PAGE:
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home | Symptoms | Chemo, Nausea and Nutrition

Chemo, Nausea and Nutrition

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As caregivers we have a lot invested in keeping our senior family member strong. When we're caring for someone undergoing chemotherapy we often face an uphill battle because one of the most common side effects of chemotherapy - nausea - can cause our loved one to lose weight and become dehydrated frighteningly quickly.

Weight and fluid loss are our enemies when we care for someone with cancer. Our impulse is to focus much of our energy on food: preparing nutritious meals, offering food frequently, and bulking up our menus with rich and tempting offerings. Often this will backfire for someone experiencing nausea.

The best thing you can do to help someone experiencing nausea from chemotherapy is to be supportive, but not pushy. Keep easily digested food and drink handy, but let the patient decide what and when to eat and drink. Nausea can strike at odd times. The aim is to keep food and fluid in the body, so your ultimate goal is not "getting something down," but rather, "keeping it down"

When you are overwhelmed with caretaking, things can run together. Keep a watchful eye and a record of when nausea tends to strike, and what, if anything, your patient ate that didn't agree. If you see trends, avoid offering food that didn't work, and avoid the time(s) of day that appear to be consistently most difficult. If there seems to be a trend toward a "best" time of day, make that a light mealtime if you can.

Healthy and balanced meals are always our goal, but at a time like this, simply getting calories and fluid into your chemo patient is primary. If you find a food that seems to sit well and your patient enjoys eating, you can offer it in small portions as often as you like. Like anything else, however, if you overdo one particular food don't be surprised if it quickly loses its attraction.

While we might be tempted to enrich the foods we offer with butter, cream, milk, or ice cream, these foods are high in fat and difficult to digest. Many fruits, grains and vegetables are also high in fiber and harder for the stomach and digestive tract to process. You may well suffer a backlash if you go this route.

Foods that smell "yummy" stand a good chance of setting off a bout of nausea. Chemo patients who are having difficulty keeping food down are often made nauseous by strong odors. Although you loved one may have always loved garlicky Italian foods, butter fried eggs, chocolate and other aromatic foods, this is probably not the time to rely on tempting smells from the kitchen. In fact, many caretakers find that they run into trouble even when they try to cook meals for the rest of the family and their cancer patient is exposed to the kitchen smells.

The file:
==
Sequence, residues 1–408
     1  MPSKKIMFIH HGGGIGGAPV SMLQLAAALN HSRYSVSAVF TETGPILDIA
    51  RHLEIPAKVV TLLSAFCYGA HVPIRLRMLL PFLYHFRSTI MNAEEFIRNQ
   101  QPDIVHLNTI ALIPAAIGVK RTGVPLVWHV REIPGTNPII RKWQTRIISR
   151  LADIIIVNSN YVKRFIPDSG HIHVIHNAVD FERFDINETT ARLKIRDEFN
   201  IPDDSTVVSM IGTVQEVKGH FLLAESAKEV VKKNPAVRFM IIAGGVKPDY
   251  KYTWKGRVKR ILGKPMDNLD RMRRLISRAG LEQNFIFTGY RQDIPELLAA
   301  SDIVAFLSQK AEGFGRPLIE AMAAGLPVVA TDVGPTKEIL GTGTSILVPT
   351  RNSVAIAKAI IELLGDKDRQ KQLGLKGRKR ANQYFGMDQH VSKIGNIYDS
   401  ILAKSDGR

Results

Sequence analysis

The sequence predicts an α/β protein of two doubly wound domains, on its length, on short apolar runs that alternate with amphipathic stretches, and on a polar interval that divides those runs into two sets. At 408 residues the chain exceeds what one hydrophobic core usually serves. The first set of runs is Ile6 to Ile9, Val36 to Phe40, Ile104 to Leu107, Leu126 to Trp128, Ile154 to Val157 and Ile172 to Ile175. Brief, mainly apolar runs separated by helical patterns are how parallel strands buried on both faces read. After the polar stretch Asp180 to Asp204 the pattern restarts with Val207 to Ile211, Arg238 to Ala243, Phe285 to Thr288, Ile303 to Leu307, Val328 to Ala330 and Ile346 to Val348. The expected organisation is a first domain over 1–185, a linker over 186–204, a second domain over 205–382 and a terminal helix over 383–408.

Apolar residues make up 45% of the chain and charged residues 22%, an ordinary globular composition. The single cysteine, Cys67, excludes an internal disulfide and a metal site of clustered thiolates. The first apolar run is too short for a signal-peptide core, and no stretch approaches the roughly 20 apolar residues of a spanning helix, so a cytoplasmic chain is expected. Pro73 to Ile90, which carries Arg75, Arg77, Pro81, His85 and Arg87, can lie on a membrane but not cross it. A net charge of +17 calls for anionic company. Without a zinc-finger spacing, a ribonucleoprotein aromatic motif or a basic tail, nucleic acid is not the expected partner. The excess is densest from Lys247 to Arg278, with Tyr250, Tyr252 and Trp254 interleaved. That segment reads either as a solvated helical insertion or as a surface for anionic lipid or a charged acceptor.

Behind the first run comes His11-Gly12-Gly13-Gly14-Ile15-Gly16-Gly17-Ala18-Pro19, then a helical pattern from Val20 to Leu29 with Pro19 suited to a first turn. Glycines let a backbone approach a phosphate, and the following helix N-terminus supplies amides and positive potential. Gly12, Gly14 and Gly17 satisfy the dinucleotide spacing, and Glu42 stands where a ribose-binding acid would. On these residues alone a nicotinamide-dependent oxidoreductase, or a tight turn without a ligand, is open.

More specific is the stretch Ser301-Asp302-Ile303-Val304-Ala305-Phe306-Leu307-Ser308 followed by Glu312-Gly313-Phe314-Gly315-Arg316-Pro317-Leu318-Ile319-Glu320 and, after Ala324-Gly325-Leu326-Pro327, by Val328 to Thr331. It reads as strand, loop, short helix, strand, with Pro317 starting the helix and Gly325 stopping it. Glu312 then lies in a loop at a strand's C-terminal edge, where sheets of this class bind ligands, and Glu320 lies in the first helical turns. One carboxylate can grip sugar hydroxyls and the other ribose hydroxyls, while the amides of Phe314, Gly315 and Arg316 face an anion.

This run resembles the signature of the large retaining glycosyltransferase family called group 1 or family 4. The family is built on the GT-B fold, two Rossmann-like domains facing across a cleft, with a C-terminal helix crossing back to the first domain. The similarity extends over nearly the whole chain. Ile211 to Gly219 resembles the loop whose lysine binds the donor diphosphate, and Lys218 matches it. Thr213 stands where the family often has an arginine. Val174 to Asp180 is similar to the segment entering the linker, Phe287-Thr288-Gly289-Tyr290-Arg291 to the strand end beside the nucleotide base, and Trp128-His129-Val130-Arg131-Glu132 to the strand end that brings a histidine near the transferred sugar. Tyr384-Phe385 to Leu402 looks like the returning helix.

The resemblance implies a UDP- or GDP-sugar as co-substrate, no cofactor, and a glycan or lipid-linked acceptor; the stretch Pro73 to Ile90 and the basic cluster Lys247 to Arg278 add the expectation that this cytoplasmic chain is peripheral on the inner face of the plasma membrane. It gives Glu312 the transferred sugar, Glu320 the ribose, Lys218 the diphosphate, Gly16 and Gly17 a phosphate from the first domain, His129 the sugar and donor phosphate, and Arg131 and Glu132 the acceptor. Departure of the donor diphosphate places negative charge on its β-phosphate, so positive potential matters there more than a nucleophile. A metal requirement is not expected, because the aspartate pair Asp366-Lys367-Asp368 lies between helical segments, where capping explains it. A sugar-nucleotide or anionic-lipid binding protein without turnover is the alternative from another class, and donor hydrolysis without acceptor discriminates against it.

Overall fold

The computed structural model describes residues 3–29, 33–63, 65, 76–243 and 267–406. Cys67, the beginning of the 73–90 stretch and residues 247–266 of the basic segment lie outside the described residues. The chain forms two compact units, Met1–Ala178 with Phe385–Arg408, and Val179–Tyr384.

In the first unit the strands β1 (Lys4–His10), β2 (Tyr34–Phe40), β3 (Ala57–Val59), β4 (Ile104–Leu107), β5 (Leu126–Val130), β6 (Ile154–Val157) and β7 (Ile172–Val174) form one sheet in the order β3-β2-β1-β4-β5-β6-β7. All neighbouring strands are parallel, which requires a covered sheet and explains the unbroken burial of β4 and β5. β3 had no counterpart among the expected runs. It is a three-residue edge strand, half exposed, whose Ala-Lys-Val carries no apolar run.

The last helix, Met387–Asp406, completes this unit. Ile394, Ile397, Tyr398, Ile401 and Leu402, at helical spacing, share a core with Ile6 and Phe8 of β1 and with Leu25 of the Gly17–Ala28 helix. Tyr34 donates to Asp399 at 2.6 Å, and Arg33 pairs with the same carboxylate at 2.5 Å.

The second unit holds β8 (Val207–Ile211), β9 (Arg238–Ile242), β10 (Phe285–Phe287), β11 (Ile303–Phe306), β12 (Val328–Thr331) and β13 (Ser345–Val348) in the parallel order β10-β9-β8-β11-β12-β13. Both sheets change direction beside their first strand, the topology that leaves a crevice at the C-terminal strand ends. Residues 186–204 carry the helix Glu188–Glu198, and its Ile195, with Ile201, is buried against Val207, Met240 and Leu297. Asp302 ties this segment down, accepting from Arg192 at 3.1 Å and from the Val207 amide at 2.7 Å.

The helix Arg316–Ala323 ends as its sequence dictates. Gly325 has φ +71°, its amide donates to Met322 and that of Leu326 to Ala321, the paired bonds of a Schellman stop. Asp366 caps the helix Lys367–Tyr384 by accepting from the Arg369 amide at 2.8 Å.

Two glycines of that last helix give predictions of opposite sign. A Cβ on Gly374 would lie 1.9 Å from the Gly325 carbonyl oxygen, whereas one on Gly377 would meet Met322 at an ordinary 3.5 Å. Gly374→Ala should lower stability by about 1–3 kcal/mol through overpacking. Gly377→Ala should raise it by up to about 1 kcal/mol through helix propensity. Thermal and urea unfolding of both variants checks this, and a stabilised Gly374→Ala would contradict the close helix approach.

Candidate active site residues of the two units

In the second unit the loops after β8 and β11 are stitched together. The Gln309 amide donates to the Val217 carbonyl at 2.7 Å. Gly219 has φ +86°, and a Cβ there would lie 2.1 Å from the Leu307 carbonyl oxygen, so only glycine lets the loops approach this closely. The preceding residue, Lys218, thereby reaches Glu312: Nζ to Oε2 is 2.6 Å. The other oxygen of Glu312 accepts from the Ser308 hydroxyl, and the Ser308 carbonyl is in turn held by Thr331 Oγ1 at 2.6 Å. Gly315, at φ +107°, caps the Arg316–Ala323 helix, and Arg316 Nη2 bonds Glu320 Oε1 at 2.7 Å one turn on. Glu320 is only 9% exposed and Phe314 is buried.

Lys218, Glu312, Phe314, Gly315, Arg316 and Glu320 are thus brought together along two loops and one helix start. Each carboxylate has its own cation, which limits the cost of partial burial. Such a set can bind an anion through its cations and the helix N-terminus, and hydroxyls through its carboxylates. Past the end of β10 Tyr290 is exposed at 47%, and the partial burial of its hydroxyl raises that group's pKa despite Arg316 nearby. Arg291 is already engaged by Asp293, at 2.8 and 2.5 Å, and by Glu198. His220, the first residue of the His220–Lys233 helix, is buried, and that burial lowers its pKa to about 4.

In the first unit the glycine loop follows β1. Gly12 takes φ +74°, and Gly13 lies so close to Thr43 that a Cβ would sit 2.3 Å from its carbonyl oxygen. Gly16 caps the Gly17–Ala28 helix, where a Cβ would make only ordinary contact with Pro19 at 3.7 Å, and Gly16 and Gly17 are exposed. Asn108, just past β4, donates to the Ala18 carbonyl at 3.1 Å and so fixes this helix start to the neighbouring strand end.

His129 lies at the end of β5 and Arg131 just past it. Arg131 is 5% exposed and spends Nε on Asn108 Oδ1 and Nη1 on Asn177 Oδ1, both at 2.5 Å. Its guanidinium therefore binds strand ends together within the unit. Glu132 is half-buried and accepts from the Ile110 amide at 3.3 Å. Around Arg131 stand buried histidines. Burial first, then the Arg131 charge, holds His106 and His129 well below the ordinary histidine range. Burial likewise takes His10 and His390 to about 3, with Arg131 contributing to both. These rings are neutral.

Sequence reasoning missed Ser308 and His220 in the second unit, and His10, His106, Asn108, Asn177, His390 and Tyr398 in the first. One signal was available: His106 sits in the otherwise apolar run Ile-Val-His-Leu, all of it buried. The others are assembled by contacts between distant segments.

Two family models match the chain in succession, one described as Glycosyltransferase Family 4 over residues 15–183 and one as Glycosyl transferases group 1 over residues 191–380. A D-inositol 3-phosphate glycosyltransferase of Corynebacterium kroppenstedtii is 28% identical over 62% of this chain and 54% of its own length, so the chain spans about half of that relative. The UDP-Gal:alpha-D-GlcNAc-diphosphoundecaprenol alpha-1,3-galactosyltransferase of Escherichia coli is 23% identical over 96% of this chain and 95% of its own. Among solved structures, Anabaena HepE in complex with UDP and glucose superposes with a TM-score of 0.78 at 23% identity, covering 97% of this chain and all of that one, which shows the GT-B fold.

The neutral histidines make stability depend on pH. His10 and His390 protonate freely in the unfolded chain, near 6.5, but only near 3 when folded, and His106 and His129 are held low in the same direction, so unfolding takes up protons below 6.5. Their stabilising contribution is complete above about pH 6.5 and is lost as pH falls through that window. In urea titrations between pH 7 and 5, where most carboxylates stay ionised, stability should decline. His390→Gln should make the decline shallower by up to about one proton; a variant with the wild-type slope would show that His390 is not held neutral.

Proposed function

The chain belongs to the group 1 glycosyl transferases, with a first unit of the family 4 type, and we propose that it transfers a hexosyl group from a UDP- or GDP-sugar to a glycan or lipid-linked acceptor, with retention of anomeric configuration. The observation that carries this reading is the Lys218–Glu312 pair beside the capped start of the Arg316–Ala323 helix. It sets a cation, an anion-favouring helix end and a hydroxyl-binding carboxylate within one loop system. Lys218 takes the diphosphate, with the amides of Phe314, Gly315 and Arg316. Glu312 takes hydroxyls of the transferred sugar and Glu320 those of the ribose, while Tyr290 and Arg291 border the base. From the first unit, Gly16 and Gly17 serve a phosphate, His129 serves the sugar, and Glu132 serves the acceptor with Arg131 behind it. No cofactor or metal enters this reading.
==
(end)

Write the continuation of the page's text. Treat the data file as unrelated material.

You and your chemo patient will probably be better served if you stick to small, frequent meals of foods and drinks that are easy on both the nose and the digestive tract:

Liquids: Drinks at room temperature are often better tolerated than cold or hot drinks-

Clear beef, chicken or vegetable broth

Clear soda - ginger ale is often a favorite. Allowing soda to go flat is often helpful

Tea: plain, peppermint or ginger

Cranberry or grape juice

Sports drinks or Pedialyte



Skinless chicken, broiled or baked. White meat has less fat than dark

Small servings of room temperature cooked cereals: oatmeal, cream of rice, cream of wheat, farina, etc.

Noodles or pasta, very lightly buttered or plain

Skinless boiled, baked or mashed potato

Boiled (soft or hard) eggs

White rice

White toast, with  plain jelly (no seeds) if tolerated

Fruits & Snacks:

Saltine crackers, with peanut butter or jelly if tolerated


Ginger candy


Flavored gelatin

Canned fruit, particularly applesauce, pears or peaches

Sherbet and frozen ices, juice bars

Plain or vanilla yogurt (if tolerated)

Other hints for boosting a cancer patient's food and liquid intake:

• Be sure your loved one takes any prescribed anti-nausea medication as ordered. The medication will not be effective if the patient waits until nausea hits.

• Try offering a small meal every two hours or so rather than larger meals three times daily.

• Avoid adding garlic, onion or pepper to foods.  

• Discourage lying down after a meal. This can cause reflux. Semi-reclining is usually safer.

• Although it sounds counter-intuitive, sometimes eating a few bites of something very plain and mild such as dry toast or crackers can settle a nauseated stomach.

• Make sure fluids are always available and encourage small sips frequently. Try sipping through a straw if the smell is a problem.

• Place a few crackers, a small piece of toast or dry bread on the bedside table at night. Eating a small snack before rising in the morning can help prevent the nausea of an empty stomach.

• Nutritional supplement drinks such as Boost, Ensure and Carnation Instant Breakfast can be a good source of fairly balanced calories. However, don't invest a supply of these until you are sure your loved one can tolerate the richness and the milk content.


We Recommend: Eating Well Through Cancer: Easy Recipes & Recommendations During & After Treatment

Designed for cancer patients and their family, these easy-to-follow recipes focus on foods best tolerated and those to ease the symptoms during treatment. With an oncologist's chapter introduction, doctor's notes, menu planning, tips, nutritional analysis, diabetic exchanges, Eating Well Through Cancer serves as a guide for nutrition before, during, and after cancer treatment. Learn More From Amazon -


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